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Bull Shark

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Bull Shark
(Carcharhinus Leucas)

Scientifically known as Carcharhinus Leucas, the Bull Shark can be easily found in the oceans. Bull Shark is one of the 43 species of shark found in both seawater and fresh water. Known to be one of the best shark species, the Bull Shark looks generic, unlike the other sharks.

Bull Shark is one of the three sharks that are most likely to attack humans; the other two being the Great White Shark and the Tiger Shark. However, data suggests that less than 4.5% of deaths are by shark attacks globally. Due to its aggressive behavior, this shark has been tagged “The Pit Bull of the Sea”.

Bull Sharks have only 50% of the salt concentration in their blood, unlike the other sharks that have the same amount of salt concentration in their blood as the sea water that they swim in. This characteristic feature offers Bull Sharks an advantage in terms of switching from saltwater to freshwater. However, as a consequence, Bull Sharks produce 20 times more urine when swimming in the fresh water.

Bull Sharks get their name from their short, blunt snout, and pugnacious disposition and the tendency to head-butt their prey before attacking. The medium-sized sharks are quite aggressive, common and usually never live near high-population areas like the tropical shorelines. The brackish or freshwater does not bother a Bull Shark.

Bull Shark
Habitat and Behavior

Found at depths of around 150 m (490 ft), and not meaning to swim any deeper than 30m (98 ft), the Bull Shark can survive even if the water is just two feet deep. Bull Sharks are one amongst the only few species that can be found in freshwaters such as lakes, rivers, and streams all around the world. The Bull Shark is commonly found worldwide in coastal areas of the warmer oceans; In the Atlantic, it is found from Massachusetts to southern Brazil, and from Morocco to Angola.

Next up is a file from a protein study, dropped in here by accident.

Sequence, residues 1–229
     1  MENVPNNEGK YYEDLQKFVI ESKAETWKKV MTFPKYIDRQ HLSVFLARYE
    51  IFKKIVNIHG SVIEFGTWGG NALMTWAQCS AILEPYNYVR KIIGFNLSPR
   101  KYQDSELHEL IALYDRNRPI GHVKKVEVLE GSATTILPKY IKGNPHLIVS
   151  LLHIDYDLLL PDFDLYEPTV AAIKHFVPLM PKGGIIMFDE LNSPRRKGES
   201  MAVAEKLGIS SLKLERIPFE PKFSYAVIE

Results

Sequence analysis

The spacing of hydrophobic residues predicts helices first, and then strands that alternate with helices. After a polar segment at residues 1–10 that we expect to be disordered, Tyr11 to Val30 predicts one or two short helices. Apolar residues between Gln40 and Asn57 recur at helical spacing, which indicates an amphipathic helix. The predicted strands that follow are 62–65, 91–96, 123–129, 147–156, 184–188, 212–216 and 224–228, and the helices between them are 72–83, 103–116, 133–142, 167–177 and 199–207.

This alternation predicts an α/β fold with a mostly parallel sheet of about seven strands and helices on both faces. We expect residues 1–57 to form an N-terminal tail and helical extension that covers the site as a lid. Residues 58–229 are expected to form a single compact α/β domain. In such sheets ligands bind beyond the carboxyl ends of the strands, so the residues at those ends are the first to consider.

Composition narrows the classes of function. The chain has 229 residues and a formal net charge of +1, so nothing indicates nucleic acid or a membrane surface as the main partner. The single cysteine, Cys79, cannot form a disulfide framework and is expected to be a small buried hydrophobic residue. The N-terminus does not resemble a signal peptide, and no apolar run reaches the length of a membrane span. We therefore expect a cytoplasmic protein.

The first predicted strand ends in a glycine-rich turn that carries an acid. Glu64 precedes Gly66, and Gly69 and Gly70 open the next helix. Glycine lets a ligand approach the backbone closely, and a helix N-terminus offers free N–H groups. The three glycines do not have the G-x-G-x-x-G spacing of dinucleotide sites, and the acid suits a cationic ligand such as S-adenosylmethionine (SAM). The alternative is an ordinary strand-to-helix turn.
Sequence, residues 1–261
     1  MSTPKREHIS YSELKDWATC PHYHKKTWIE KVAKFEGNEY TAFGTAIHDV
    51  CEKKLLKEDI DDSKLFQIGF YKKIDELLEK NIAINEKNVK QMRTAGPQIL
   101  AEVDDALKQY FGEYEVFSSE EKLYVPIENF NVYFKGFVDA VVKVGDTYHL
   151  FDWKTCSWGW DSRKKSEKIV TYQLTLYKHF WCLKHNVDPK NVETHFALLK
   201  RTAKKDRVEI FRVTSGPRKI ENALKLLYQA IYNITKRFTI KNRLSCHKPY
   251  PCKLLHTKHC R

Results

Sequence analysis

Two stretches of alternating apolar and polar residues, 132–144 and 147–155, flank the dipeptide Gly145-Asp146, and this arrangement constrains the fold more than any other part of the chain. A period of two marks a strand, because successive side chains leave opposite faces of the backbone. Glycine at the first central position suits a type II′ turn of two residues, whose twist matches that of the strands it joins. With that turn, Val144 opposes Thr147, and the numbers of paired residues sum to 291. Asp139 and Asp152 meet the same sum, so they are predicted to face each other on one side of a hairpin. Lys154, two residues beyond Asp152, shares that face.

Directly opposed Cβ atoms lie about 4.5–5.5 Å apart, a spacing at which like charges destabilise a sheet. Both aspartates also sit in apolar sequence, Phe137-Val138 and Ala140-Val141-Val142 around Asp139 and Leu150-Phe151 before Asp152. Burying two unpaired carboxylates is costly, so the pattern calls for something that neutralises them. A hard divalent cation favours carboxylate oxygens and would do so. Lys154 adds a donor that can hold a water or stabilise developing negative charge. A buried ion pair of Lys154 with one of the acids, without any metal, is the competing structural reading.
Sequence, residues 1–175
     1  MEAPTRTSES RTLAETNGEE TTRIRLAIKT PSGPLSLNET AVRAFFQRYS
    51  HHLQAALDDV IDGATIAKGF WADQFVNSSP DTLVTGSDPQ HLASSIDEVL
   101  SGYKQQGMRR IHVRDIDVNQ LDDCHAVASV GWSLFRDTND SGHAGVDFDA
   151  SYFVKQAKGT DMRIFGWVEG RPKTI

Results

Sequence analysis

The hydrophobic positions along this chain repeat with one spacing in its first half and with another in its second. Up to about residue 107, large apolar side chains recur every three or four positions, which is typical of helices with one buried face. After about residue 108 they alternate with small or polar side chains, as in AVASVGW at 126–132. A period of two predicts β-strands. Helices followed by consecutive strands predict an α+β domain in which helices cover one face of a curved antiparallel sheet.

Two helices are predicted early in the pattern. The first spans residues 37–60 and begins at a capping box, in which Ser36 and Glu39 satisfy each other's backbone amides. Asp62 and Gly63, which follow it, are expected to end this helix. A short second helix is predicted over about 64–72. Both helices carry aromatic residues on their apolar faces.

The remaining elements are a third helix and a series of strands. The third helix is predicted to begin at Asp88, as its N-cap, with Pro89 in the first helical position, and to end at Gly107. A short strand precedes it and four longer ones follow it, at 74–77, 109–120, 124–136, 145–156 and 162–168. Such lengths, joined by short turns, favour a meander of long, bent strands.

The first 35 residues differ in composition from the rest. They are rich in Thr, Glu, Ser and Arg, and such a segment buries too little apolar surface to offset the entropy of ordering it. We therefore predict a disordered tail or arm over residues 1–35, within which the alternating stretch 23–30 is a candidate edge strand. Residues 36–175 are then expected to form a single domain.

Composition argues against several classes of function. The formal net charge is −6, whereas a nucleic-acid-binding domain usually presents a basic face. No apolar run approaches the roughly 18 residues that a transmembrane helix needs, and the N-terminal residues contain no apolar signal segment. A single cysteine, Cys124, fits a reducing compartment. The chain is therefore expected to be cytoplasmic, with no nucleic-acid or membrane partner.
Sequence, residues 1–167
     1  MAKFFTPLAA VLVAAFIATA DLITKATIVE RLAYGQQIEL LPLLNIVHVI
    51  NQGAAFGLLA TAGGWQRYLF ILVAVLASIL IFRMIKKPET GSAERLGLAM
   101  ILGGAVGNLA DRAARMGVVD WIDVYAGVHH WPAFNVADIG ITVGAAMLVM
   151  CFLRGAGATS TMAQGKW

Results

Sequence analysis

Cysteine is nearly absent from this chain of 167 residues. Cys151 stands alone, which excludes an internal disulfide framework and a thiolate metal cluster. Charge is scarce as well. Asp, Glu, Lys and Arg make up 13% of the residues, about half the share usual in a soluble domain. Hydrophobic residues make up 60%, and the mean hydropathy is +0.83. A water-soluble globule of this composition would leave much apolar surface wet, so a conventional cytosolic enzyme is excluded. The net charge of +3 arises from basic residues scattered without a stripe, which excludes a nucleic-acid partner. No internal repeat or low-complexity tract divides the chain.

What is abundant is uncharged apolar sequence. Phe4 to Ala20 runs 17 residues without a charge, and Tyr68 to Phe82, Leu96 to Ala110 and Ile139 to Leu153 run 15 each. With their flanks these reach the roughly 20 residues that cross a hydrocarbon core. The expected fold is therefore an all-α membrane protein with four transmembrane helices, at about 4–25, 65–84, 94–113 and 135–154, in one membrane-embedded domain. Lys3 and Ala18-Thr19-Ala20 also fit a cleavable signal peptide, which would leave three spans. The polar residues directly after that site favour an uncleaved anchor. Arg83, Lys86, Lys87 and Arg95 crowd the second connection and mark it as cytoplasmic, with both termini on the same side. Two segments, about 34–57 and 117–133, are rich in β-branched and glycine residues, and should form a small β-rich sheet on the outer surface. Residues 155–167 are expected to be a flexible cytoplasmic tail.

Most female Bull Sharks give birth in shallow waters in order to prevent their younger ones from getting eaten by the bigger sharks in deep waters. They are known to mate during late summer and early autumn, often in freshwater or in the brackish water of the river mouths. Bull Sharks gestate for 122 months, after which they give birth to around 1 to 13 younger ones. Bull Sharks reach their maturity after about 10 years of age and become completely mature once they are 15 or 20 years old. They mate via internal fertilization and give birth to well-developed younger ones. Bull sharks do not connect to their young through a placenta. During the gestation period, the embryos survive off of yolk sacs attached to each individual.  The adults normally grow up to 3.5 meters (11 feet) long and weigh around 300 kilograms (660 pounds). Typically, the female Bull Sharks are larger than the males and tend to live longer as well. Most males live for about 13 years, while females live for about 17 years of age. The younger specimens are free from predators while they grow up in the river. The ability of a Bull Shark to survive in both, the fresh water and the salt water functions as another benefit. The Bull Sharks are mostly attacked by bigger sharks that are able to survive only in the salt water. This leaves minimal chances of a younger Bull Shark to be attacked or harmed by a bigger one. They enter the salt water once they have grown up entirely and are able to find their own mates.

Bull Sharks can be easily found cruising the shallow and warm waters of all the world’s oceans. Being fast and agile predators, they will eat almost anything they see, including fish, dolphins and even other sharks. Unlikely to what has been thought of them, Bull Sharks do not tend to attack humans, per se. However, they often attack people inadvertently or out of curiosity.

Bull Shark -
Physical Description

  • Size: – Being one of the largest requiem sharks, belong to the family Carcharhinide, Bull Sharks reach the lengths of 11 feet (3.5 m) and weights of around 700 pounds (315 kg). Being larger than males, the adult female Bull shark’s average height is 2.4m (7.9 ft) and its weight is 130 kg (290 lb), whereas the smaller adult male’s average height is 2.25m (7.4 ft) and weight is 95kg (209 lb). While a maximum size of 3.5m (11 ft) is commonly reported, a single record exists of a female specimen of exactly 4.0m (13.1 ft). The maximum recorded weight of a Bull Shark is 315kg (694 lb) till date.
  • Appearance: – Bull Sharks are quite large and stout in appearance. These fish are wider and heavier than the other requiem sharks of comparable length and are grey on top and white from below. The fins of the Bull Shark, particularly younger ones have dark tips. The second dorsal fin of a Bull Shark is smaller than the first one. The Bull Shark’s caudal fin is longer and lower than that of the larger sharks, with a small snout. The Bull Shark lacks an interdorsal ridge and has a bite force of up to 5,914 Newtons (1330 lbf).

Bull Shark
Conditions for Survival